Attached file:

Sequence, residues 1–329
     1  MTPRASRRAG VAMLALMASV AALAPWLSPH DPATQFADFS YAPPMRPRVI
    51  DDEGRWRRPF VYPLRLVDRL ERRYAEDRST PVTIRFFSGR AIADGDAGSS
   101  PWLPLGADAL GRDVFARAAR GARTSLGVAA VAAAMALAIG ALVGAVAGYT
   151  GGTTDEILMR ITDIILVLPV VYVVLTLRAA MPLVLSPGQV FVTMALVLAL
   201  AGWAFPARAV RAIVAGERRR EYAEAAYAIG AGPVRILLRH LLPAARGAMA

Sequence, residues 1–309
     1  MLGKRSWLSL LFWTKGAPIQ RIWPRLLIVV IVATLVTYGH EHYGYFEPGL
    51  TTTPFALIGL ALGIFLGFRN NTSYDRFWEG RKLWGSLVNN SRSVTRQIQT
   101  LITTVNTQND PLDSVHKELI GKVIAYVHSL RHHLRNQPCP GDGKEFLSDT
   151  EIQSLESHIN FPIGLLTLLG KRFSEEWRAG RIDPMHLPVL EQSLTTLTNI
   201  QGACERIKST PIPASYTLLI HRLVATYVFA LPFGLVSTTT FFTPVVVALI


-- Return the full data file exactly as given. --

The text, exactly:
Sequence, residues 1–329
     1  MTPRASRRAG VAMLALMASV AALAPWLSPH DPATQFADFS YAPPMRPRVI
    51  DDEGRWRRPF VYPLRLVDRL ERRYAEDRST PVTIRFFSGR AIADGDAGSS
   101  PWLPLGADAL GRDVFARAAR GARTSLGVAA VAAAMALAIG ALVGAVAGYT
   151  GGTTDEILMR ITDIILVLPV VYVVLTLRAA MPLVLSPGQV FVTMALVLAL
   201  AGWAFPARAV RAIVAGERRR EYAEAAYAIG AGPVRILLRH LLPAARGAMA

Sequence, residues 1–309
     1  MLGKRSWLSL LFWTKGAPIQ RIWPRLLIVV IVATLVTYGH EHYGYFEPGL
    51  TTTPFALIGL ALGIFLGFRN NTSYDRFWEG RKLWGSLVNN SRSVTRQIQT
   101  LITTVNTQND PLDSVHKELI GKVIAYVHSL RHHLRNQPCP GDGKEFLSDT
   151  EIQSLESHIN FPIGLLTLLG KRFSEEWRAG RIDPMHLPVL EQSLTTLTNI
   201  QGACERIKST PIPASYTLLI HRLVATYVFA LPFGLVSTTT FFTPVVVALI